Author: Sophie Schiller
Publisher: Tradewinds Publishing
Type of book: Tibet, travel, France, 1889-1890, romance, a bit of interracial relationship WMAF, deprivations, survival, force, contest, adventure, mysteries
Year it was published: 2015
"Fans of Jules Verne’s travel adventures will find Schiller has done a solid job of transforming an obscure real-life Victorian expedition into a thrilling yarn." Publishers Weekly.
At a time when no Westerner has seen the holy city of Lhasa or met the Dalai Lama, French explorer Gabriel Bonvalot vows to do the impossible: he launches his own expedition to the Roof of the World with funding from the Duke of Chartres. The only caveat is that Bonvalot must bring along the Duke's wayward son, Prince Henri d'Orléans, a drinker, gambler, and womanizer whose reckless behavior threatens to derail the entire expedition. During the journey, the explorers encounter freezing temperatures, volatile winds, mountain sickness, bandits, duplicitous Chinese Ambans, and a beguiling Tibetan Buddhist princess with a deadly secret. Held as prisoners at 16,000 feet and surrounded by an army of Tibetan soldiers, the explorers find themselves in a desperate fight for survival.
RACE TO TIBET is a thrilling tale of high-altitude adventure and survival set in the world's most forbidden country. Perfect for fans of Jules Verne, and H. Rider Haggard.
The main characters include Gabriel Bonvalot who is an explorer from France and who is best described as a leader who takes his responsibilities very seriously. He is open minded, looked up to by those around him, and isn't conventional. Henri is a young French dilletante who cares more for pleasure and getting in trouble rather than being useful. He is arrogant, enjoys the finer things in life like expensive food, wines and cigars and sees the companions in a servant's role. Unfortunately not much is shown about Camille, although she is very determined and does go pretty far. (Is she based on a real person?) There are supporting characters but they weren't as unique as the main characters though.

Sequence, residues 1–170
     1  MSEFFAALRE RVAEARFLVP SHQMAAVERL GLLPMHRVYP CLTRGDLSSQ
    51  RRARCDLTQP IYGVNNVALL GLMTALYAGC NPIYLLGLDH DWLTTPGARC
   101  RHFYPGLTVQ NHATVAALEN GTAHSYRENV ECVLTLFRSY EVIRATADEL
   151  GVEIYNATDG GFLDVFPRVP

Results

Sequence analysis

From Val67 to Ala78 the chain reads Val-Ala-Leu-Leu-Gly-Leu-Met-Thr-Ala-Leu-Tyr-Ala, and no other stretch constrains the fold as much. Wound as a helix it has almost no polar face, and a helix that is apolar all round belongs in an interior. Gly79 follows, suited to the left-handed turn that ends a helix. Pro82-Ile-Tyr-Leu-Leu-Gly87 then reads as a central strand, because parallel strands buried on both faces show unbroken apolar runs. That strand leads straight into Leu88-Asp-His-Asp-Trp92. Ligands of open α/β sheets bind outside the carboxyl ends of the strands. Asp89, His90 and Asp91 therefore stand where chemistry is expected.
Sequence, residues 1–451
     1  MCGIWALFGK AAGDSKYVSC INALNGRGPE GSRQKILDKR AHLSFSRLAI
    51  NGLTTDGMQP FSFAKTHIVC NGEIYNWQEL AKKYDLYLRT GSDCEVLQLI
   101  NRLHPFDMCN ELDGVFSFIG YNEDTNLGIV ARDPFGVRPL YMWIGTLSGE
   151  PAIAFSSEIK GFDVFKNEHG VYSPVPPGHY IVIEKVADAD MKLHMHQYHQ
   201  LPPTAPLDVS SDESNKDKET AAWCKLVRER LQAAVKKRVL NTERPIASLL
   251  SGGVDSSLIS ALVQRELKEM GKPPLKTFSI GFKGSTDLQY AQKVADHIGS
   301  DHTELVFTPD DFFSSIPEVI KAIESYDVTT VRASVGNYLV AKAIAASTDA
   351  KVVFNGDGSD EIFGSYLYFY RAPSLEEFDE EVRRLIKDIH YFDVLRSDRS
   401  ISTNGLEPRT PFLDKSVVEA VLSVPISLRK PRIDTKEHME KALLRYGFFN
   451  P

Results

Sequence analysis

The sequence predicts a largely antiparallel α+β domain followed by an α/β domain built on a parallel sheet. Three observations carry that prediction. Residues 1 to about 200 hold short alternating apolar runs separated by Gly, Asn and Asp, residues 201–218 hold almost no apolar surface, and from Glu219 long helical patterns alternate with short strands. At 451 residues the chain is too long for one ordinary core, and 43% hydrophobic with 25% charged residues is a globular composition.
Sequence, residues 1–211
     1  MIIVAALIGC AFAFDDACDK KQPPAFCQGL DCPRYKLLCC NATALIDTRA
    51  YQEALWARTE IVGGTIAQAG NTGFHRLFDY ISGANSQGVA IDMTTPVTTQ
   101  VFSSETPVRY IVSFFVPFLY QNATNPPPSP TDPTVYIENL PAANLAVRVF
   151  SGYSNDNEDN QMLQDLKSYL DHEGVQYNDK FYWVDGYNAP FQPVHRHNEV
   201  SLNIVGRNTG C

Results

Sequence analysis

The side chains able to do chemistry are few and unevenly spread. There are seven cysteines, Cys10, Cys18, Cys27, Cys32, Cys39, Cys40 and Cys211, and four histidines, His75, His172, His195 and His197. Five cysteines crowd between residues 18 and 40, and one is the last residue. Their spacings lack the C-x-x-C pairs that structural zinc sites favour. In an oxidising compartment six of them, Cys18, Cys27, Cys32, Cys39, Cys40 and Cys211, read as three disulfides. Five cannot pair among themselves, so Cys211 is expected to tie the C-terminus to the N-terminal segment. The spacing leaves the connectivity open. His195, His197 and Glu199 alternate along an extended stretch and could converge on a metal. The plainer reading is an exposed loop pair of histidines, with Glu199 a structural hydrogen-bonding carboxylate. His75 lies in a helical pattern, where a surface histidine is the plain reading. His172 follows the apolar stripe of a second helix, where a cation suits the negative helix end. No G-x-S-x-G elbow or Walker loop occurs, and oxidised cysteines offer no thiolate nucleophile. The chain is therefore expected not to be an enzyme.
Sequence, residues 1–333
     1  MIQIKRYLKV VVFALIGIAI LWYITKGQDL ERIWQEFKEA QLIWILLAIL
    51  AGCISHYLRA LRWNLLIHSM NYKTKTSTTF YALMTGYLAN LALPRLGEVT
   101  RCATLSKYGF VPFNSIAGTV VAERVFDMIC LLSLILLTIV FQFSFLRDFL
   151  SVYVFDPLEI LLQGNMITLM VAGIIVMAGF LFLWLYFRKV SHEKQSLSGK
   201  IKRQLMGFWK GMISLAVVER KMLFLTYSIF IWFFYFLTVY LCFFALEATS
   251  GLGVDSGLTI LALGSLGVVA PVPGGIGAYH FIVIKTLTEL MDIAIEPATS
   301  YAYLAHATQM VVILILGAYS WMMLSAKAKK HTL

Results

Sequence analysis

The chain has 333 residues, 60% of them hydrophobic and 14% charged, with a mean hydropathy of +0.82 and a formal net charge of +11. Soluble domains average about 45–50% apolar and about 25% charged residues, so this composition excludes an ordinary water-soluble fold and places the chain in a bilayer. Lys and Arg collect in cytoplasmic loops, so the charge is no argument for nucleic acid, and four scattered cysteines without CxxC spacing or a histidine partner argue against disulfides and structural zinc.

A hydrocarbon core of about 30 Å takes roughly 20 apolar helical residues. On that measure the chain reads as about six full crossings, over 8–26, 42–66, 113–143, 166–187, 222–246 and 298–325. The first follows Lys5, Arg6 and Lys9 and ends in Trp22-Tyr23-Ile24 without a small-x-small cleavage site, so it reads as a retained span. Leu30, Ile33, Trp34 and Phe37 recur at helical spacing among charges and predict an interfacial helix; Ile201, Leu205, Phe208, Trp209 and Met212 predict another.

Travel changes people and points of view
The story is told in third person narrative mainly from Bonvalot's point of view, although other characters such as Henri and from time to time Tibetans, also lay out their points of view. I do feel that the writing of the story can be improved a bit further, in particular the transitions between points of view, and perhaps the quirks or uniqueness of the supporting characters as well. While I could easily identify the main characters and remember much about them, the supporting characters such as the drivers and those who work for Bonvalot are a bit difficult to recall for me.
Previously I've had a chance to read the author's previous book Spy Island which I found interesting but did feel that the author needed to polish her writing skills a little bit. Race To Tibet did exceed my expectations and it fully showed off the talent and the passion that the author had towards the subject. Its not a perfect book, but it is a wonderful read and when I read it, I felt as if I had gone back in time, especially when it came to France and the way people viewed and saw others. If the reader is new to historical fiction and is looking for something unique, adventurous and that doesn't require memorization of thousand of history books, then this is a good book to try.
This is for Historical Fiction Virtual Book Tours
Blog Tour Schedule4 out of 5
(0: Stay away unless a masochist 1: Good for insomnia 2: Horrible but readable; 3: Readable and quickly forgettable, 4: Good, enjoyable 5: Buy it, keep it and never let it go.)